I’m hardly in a position to fully understand someone like the Dalai Lama.  But I think that being  profoundly present with another person, in the moment, allows a connection with the essence of that person.  Connecting in that way is love and it feels wonderful, I know!  Just look at George grin!

Where are Your Boundaries?

“…Good fences make good neighbors… Robert Frost

Even in the land of the free, too many people are not really free mentally and emotionally. Many of us are controlled by others in subtle ways and brainwashed by the media to subscribe to others’ opinions and values (or lack thereof.)  When controlled by the opinions, definitions, criticism and anger of family members, bosses or partners, the results can be trauma, confusion and lack of energy.

Most systems of spirituality offer paths to the goal of liberating and actualizing the individual’s core self and teach that we create our experience with our spirits and energy. Some of these teach that the very reason we are here is to learn these things. Yet too many of us cannot create what we truly want because the energy of our thoughts and feelings is full of other people’s ideas and opinions. We may not even know what really makes us happy.

Advertisements convince us we should want certain kinds of bodies, houses, clothes, and relationships.  As a result, we bypass the true desires of our hearts and pursue shallow goals which are difficult to accomplish because they are not truly our own.  Relationships we see in the media are all about one upmanship. Communications are peppered with put downs and those who complain are “too sensitive.”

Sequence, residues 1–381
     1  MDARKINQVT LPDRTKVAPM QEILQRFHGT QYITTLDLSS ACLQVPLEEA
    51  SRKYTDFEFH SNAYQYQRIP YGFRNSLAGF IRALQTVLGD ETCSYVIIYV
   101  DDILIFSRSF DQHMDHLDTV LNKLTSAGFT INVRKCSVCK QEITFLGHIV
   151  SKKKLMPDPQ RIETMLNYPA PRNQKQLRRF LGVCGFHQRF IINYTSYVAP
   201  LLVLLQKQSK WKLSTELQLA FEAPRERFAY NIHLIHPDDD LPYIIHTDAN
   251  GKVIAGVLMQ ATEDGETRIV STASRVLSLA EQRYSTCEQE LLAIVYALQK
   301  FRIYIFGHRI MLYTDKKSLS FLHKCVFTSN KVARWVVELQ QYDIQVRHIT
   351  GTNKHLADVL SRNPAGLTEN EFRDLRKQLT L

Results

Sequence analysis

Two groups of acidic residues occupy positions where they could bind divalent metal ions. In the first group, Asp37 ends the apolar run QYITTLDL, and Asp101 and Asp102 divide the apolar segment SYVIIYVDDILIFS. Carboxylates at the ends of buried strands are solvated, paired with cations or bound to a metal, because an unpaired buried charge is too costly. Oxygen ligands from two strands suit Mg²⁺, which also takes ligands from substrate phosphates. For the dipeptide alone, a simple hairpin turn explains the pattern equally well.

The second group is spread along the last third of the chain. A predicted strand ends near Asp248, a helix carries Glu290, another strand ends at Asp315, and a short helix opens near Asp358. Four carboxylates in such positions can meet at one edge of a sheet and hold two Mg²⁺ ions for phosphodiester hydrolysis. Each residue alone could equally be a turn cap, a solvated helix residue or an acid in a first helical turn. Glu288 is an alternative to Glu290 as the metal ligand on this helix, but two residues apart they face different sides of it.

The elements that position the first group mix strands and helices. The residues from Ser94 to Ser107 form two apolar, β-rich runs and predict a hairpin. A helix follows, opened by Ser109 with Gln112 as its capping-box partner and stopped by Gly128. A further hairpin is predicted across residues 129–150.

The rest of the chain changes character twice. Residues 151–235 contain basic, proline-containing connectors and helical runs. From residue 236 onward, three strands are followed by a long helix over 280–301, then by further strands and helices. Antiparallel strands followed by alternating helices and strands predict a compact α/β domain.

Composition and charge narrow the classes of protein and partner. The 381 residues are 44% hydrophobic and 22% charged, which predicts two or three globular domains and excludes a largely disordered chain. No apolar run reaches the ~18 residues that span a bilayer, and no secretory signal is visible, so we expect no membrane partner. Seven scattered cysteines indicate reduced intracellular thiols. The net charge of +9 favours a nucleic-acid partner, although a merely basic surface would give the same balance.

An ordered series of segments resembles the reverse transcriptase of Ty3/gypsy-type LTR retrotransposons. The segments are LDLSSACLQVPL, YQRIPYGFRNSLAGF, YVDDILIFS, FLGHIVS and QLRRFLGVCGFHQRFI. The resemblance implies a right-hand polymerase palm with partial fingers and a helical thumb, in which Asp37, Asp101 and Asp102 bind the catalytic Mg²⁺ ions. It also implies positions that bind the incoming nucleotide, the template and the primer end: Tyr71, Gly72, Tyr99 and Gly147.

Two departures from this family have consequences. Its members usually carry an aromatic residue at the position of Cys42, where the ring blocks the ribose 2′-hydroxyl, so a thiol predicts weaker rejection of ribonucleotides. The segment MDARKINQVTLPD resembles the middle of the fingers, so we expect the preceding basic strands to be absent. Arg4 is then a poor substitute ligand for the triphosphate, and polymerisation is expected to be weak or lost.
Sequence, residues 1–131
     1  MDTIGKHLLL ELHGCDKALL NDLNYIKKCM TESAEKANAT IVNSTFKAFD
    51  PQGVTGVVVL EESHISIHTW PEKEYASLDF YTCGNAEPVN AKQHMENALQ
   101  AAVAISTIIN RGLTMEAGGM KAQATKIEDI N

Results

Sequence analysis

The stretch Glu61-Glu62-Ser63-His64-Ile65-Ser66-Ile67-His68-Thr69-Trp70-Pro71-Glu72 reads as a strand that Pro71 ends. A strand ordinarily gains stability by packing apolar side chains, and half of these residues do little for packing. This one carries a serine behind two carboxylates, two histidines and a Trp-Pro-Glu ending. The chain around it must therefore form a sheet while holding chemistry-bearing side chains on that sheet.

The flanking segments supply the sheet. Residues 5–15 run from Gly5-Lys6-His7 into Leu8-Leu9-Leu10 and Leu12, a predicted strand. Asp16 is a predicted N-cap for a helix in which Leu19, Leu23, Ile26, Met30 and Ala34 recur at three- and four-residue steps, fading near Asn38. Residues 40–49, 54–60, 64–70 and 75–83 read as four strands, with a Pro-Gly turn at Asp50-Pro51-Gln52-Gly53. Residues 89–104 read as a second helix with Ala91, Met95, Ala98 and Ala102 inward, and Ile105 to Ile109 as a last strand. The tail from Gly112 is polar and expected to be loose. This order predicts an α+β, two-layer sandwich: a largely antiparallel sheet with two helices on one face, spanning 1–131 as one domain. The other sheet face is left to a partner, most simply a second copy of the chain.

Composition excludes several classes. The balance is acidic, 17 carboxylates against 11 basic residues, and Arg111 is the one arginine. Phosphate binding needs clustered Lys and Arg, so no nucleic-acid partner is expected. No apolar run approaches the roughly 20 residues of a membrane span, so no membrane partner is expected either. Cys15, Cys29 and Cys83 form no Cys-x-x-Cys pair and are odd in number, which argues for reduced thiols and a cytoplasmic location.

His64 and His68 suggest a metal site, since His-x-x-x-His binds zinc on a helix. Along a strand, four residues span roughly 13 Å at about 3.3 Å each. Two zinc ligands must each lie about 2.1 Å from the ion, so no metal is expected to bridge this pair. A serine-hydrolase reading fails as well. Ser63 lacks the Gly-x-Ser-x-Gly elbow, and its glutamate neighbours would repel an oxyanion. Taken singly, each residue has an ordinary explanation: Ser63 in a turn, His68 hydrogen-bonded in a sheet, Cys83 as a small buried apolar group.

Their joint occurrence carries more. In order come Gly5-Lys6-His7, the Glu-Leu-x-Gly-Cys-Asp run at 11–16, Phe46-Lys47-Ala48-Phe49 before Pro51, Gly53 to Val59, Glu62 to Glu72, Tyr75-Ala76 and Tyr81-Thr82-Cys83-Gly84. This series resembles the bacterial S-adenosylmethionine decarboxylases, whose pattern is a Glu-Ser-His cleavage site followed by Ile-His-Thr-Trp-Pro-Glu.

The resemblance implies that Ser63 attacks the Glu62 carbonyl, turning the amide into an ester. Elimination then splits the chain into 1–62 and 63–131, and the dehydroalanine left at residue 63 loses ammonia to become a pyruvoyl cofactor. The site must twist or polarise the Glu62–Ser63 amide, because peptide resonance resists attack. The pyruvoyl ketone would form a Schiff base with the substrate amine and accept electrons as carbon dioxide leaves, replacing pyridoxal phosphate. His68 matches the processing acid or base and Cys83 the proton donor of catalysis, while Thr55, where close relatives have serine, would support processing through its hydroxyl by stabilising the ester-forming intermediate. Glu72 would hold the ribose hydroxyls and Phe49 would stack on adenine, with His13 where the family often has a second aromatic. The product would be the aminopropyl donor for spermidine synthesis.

You can opt out of this behavior and take your power back. It involves strategies many of us have never been taught for maintaining personal boundaries, keeping your mental space clear and letting your authentic self shine forth.

When personal boundaries are created it becomes much easier to see which thoughts and feelings are your own and which have been foisted upon you by others.

A simple first step is to learn where your boundaries are- or should be. Simply look at what is acceptable treatment by others and what treatment would you prefer NOT to experience. The only rule for this determination is that you should like your boundaries.

Perhaps you would prefer that people in your life be punctual and keep their commitments with you. Maybe you think that your friends ought to be able to distinguish you in their minds from their other friends. Perhaps it is okay for your children to help themselves to your property but not for your in-laws. Possibly you are okay with people swearing around you but never swearing at you.

Wherever you set your boundaries is fine as long as they are yours. It helps to imagine these boundaries in space, like a bubble that surrounds your body. Where are they? Do they give you room to spread your arms? Imagine your boundaries have sharply defined edges, but are clear and allow you to see and be seen.

Now you can begin to ask trespassers to back off when they cross your boundaries.  You may need to limit your interaction with those who disrespect you. If you focus on these boundaries for as little as a minute every day, you will soon see a difference in how others interact with you and the enlightened way you interact with them.

You can also make sure you are honoring other people in the ways you choose to be respected.